Title: Grown Ups
Director: Dennis Dugan
Starring: Adam Sandler, Kevin James, Chris Rock, David Spade, Rob Schneider, Salma Hayek, Maria Bello, Maya Rudolph
A film starring Adam Sandler, Kevin James, Chris Rock, David Spade and Rob Schneider has to be funny, right? Not only is that what the promotional material for Grown Ups wants moviegoers to think, but it also seems to have been what was on the minds of the members of this comedic powerhouse. Sit back, relax, do what you’re told and hilarity magically ensues. Maybe in a dream, but this is reality and Grown Ups faces a harsh one.
Back in the 70’s coach Buzzer led Lenny, Eric, Kurt, Marcus and Rob to a basketball championship. Thirty years later, the boys have grown up and apart, but their coach’s passing brings them back together again not only to remember good old coach Buzzer, but to spend a weekend together at the same lake house at which they celebrated their big win back in the day. Joining them on the excursion are their wives and children.
Lenny (Sandler) is a hotshot Hollywood agent married to a fashion designer (Salma Hayek). They’ve got three kids, two tech-addicted boys and a little girl with a soft spot for injured animals. Eric (James) is married with two children, a girl prone to temper tantrums and a 48-month old boy who likes to indulge in mommy milk. Kurt (Rock) grew up to be the woman of the house, cleaning, cooking and looking after the kids while his pregnant wife (Maya Rudolph) takes care of business. Marcus (Spade) may have grown up physically, but he’s still a bachelor with a college frat boy attitude while Rob (Schneider) took his childhood attraction to older woman to the max and married a grandma who shares his appreciation for all things natural and wholesome.
And that’s pretty much it. The plot is reduced to the whole coach-is-dead-let’s-reunite thing and from there, pretty much just throws the guys and the family members together and lets them go about their not so amusing business. Had the gags been funny, they could only carry the film so far. At some point there needs to be some sort of story to latch on to, some sort of ending to be working towards, but neither ever comes. The gags go from goofing with the kids, to having a guy-only powwow, to talking about bunions and back again. It gets old, fast.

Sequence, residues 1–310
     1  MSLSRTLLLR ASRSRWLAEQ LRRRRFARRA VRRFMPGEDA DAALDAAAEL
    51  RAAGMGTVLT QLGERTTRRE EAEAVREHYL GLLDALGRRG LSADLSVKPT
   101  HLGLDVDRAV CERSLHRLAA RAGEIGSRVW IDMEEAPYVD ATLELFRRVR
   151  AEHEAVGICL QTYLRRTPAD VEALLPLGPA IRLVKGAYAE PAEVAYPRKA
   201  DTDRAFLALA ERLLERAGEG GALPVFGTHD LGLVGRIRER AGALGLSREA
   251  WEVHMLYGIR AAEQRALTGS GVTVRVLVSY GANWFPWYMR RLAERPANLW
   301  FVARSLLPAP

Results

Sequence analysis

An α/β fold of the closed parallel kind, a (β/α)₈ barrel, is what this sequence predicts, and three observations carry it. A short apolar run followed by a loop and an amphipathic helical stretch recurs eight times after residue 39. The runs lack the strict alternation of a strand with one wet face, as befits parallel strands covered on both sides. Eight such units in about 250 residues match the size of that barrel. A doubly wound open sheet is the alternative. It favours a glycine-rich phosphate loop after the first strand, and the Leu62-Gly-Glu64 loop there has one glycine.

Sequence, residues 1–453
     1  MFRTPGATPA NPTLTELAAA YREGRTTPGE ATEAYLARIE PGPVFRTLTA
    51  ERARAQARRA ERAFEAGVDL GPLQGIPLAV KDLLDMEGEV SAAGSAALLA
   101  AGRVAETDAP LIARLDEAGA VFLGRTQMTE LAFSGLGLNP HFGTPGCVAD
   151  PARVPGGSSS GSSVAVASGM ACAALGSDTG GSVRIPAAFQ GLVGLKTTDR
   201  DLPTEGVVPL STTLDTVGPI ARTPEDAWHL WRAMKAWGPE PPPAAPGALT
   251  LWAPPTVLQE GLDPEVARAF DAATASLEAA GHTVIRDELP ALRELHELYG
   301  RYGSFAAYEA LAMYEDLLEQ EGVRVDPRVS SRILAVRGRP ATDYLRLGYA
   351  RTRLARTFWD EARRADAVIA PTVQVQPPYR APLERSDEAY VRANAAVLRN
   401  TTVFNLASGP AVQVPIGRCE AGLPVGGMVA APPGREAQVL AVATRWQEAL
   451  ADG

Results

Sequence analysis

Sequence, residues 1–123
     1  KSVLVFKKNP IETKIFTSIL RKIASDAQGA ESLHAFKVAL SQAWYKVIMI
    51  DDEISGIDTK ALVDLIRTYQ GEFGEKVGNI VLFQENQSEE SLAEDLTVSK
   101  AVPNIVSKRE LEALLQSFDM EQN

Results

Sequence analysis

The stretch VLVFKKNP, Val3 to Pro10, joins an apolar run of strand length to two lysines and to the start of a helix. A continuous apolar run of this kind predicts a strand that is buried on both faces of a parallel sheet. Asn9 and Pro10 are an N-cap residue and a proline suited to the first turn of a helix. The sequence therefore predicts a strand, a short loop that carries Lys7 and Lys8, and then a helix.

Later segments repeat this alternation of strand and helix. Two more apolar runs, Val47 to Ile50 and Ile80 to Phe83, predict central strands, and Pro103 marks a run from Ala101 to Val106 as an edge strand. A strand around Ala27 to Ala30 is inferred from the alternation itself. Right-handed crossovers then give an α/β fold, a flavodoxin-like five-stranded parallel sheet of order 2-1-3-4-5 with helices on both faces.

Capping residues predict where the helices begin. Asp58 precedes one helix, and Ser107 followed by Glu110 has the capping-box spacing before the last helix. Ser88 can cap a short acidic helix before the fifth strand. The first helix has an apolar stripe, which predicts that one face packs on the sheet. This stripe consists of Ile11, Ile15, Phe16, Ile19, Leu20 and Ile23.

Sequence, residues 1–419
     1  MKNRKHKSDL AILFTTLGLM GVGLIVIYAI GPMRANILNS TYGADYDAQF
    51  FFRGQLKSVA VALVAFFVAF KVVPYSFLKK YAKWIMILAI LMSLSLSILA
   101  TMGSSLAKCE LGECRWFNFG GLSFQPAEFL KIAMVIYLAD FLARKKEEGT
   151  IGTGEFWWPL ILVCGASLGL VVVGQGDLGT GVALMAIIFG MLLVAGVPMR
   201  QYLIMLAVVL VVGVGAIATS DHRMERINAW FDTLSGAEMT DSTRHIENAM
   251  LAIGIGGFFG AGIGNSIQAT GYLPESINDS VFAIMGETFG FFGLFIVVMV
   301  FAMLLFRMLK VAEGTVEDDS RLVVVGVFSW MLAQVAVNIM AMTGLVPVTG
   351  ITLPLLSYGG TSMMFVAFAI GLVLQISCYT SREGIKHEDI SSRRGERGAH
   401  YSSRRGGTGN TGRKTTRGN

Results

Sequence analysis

Making matters worse, the jokes are painfully unfunny, so much so they’re embarrassing to watch if not nauseating. Even worse? Nearly every gag is used and abused, over and over. A tyke still drinking mom’s breast milk, Kurt’s mother-in-law’s relentless farting, Rob’s unnaturally gorgeous daughters and a dog with an unusual bark is a guarantee at least every ten minutes. What’s in between? Countless mean-spirited jabs at one another. The only way these friends know how to be funny is by going for the other’s gut and in a film with zero heart, those jokes become more unappealing than the grotesque ones.
Grown Ups is just one giant waste; a waste of a fantastic cast, a waste of a promising premise and a waste of something that could have been the comedy of the summer. Dennis Dugan’s directing is painfully dull, but most of the blame falls on co-writers Sandler and Fred Wolf. It feels as though Sandler woke up one morning thinking he’s in the top tier of comedy actors, producers and writers, so why not use the power to amass a crack team of Hollywood’s best and make some easy money? Regardless of what the film pulls in at the box office, Grown Ups certainly seems like it was an easy project. Perhaps if Sandler and Wolf would have given even a single joke a second thought, they might have realized that something was very wrong with this script, something so wrong that even all of the world’s best comedians couldn’t fix it.
By Perri Nemiroff